Netflix’s K Food Show strand has already introduced us to Korea as ‘A Nation of Broth’. But it’s also, as co-host Mimi tells us, A Nation of Kimchi.
Episode one of two (available now) sees the singer joined by cartoon artist Huh Young-man and actor Ryu Soo-young for a trip to the island of Jangsando. We might reasonably assume they’ll attempt to explain the dish’s history and ubiquity.
Instead, our intrepid trio squelch around on a muddy beach, hunting small crabs and octopus, the latter of which we later see getting chopped up and lobbed into a vivid red paste (the crabs go in, and occasionally are consumed, live).
With the show evidently not designed for an export market (“I don’t want to share this with non-Koreans,” says Huh of his meal at one point), there’s no attempt to explain what kimchi actually is. The uninitiated viewer is instead left to piece it together from occasional references to what are presumably key ingredients.
Our gang decamp to the city of Namyangju, where they try a refreshingly chilled cucumber version for summer, also featuring chives, pears, radish and garlic. It’s a far cry from the autumn serve of gizzard shad fish, or the winter warmer of pheasant.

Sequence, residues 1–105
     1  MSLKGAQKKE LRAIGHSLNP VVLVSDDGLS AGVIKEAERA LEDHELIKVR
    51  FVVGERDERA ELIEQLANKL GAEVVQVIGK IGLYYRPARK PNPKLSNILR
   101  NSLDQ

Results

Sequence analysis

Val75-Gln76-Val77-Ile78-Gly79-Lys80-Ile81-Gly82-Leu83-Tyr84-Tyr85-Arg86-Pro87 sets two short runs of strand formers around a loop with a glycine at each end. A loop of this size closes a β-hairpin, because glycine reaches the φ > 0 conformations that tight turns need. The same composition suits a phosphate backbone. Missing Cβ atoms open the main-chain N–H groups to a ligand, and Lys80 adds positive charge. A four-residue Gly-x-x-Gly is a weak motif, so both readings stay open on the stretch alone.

Visits to “city of mustard kimchi” Yeosu, a remote temple and an adventurous restaurant further underline kimchi’s significance and mind-boggling versatility.
And we do eventually get a little history: Koreans have been eating fermented veg and seafood for up to 2,000 years, apparently, with chilli powder only introduced after the discovery of the New World in 1492.
Charismatic Mimi and co eat with gusto, and the food is never less than intriguing. But the show will likely bewilder beginners.